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Missouri soldiers, family look back on leaving Afghanistan – Kansas City, Missouri

Kansas City, Missouri 2021-07-29 19:04:26 –

Kansas City, Missouri — Almost 20 years after the United States began the war in Afghanistan, President Joe Biden said the last US and NATO troops would be gone by the 20th anniversary of the attack on September 11th this year.

In recent weeks, as the soldiers left, the Taliban soon occupied more territory.The UN report The death toll of civilians has skyrocketed..

Seven years ago, KSHB 41 News sent crew members, including Lindsey Scheibley and Garrett Harke, to Kandahar Airfield in Afghanistan to track Missouri Defense Force soldiers as part of a documentary.

In 2014, the 276th Engineering Company was dispatched to dismantle what the military had built in more than a decade of war.

Also in 2014, government officials said US and NATO troops would officially end combat missions and continue to support and train.

“We are about to end the longest war in the United States,” Biden said in a statement about the withdrawal of troops in July.

“The United States did what we were trying to do in Afghanistan, caught the terrorists who attacked us in 9/11, and delivered justice to Osama bin Laden,” he said.

More than 2,400 US military personnel have died in the war.

Meet in 2014 The wife of a fallen U.S. Army ranger..

“At the age of 26, I’m about to bury my husband. Like that moment, I lost not only him, but the future,” Colleen Katzenberger told Scheive seven years ago.

KSHB 41 News is back and visits her at her home in Northland, where she and her son Everett live. They sat in his bed and flipped through the photo album.

Dale Meshing / KSHB41 News

Colleen and Everett Katzenberger remember their husband and father, Staff Sgt. Jeremy Katzenberger. He was killed in an Afghan duty in 2011.

“He put you down on the slide and you shook,” she said, pointing to a picture of the toddler Everett with her father’s staff sergeant. Jeremy Katzenberger.

He was killed in Afghanistan in 2011, when Everett was seven months old. Several monuments of his life and service are laid around their homes.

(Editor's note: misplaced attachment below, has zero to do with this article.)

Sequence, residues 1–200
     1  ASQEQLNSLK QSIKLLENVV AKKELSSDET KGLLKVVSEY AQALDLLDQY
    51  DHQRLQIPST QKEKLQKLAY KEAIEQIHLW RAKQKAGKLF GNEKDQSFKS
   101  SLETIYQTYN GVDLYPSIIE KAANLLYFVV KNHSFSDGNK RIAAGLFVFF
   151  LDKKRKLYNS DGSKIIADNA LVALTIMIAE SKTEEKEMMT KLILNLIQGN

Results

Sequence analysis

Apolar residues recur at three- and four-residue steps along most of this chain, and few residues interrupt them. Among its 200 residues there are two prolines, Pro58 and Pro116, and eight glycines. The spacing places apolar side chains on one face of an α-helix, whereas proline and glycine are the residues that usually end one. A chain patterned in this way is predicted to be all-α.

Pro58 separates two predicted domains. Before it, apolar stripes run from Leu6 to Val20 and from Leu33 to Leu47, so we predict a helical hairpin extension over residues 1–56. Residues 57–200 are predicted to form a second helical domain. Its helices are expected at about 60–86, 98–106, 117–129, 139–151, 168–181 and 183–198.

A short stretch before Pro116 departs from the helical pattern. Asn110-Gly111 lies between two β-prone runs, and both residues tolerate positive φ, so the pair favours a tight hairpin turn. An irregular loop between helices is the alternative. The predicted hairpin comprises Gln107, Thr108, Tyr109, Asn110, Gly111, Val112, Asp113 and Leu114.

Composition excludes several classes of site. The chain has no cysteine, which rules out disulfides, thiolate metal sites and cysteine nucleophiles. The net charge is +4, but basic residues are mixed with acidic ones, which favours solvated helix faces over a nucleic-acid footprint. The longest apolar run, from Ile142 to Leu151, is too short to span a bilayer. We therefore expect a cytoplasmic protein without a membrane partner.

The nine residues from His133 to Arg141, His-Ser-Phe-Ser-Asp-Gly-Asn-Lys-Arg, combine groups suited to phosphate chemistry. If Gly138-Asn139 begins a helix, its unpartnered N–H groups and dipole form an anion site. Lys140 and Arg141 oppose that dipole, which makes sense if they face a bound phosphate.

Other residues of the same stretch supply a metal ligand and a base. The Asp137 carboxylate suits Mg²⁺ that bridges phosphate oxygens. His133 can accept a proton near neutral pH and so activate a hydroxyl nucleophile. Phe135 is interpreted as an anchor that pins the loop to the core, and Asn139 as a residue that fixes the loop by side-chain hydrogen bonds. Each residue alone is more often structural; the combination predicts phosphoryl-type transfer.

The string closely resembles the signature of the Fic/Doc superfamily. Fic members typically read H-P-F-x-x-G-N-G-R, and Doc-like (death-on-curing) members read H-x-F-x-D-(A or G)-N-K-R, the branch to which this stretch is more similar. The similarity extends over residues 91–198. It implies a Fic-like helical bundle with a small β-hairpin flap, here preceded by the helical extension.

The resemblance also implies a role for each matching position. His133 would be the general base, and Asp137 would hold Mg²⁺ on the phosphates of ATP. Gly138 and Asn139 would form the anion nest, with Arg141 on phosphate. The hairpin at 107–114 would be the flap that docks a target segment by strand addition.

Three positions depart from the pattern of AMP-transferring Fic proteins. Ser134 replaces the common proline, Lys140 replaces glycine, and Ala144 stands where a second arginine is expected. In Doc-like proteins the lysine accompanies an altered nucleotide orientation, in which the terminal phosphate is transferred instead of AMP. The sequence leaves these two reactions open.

“It’s great to be able to talk about him,” she said.

She talks about him often — publicly, now through an organization called the Folds of Honor — and also to Everett.

“Learning to live with joy and sadness is definitely a journey I have made in the last decade,” she said. “Sadness can win on some days, but most days are joy. As you know, one day it is anger.”

She said that being unable to change what happened could trigger anger.

“When Everett feels sad, I feel very helpless, so I need to check my anger. I think my first reaction to that is the anger that can’t protect my child from this story. “Colleen said.

Colleen said the 9/11 attack was the reason Jeremy was enlisted.

“I clearly remember when 9/11 happened, and I’m now teaching middle school and seniors in high school, and they weren’t even born,” she said.

Another person KSHB 41 News met in Afghanistan was around the time of the 9/11 attack.

“When that happened, I was a senior and junior high school student,” said Sergeant Missouri. Cesar Martinez. “I wanted to do something for my country.”

When I first met him in 2014 After that-Staff Sergeant Martinez was the second deployment To Afghanistan, part of the mission of experienced soldiers and combat experts was to train other soldiers for combat.

The training was used when the forward operating base FOB Walton was attacked during deployment.

“The tremors are back and the adrenaline is back,” he said during a deployment in Afghanistan in 2014.

“I remember how good the soldiers were,” he told us seven years later, back in Missouri.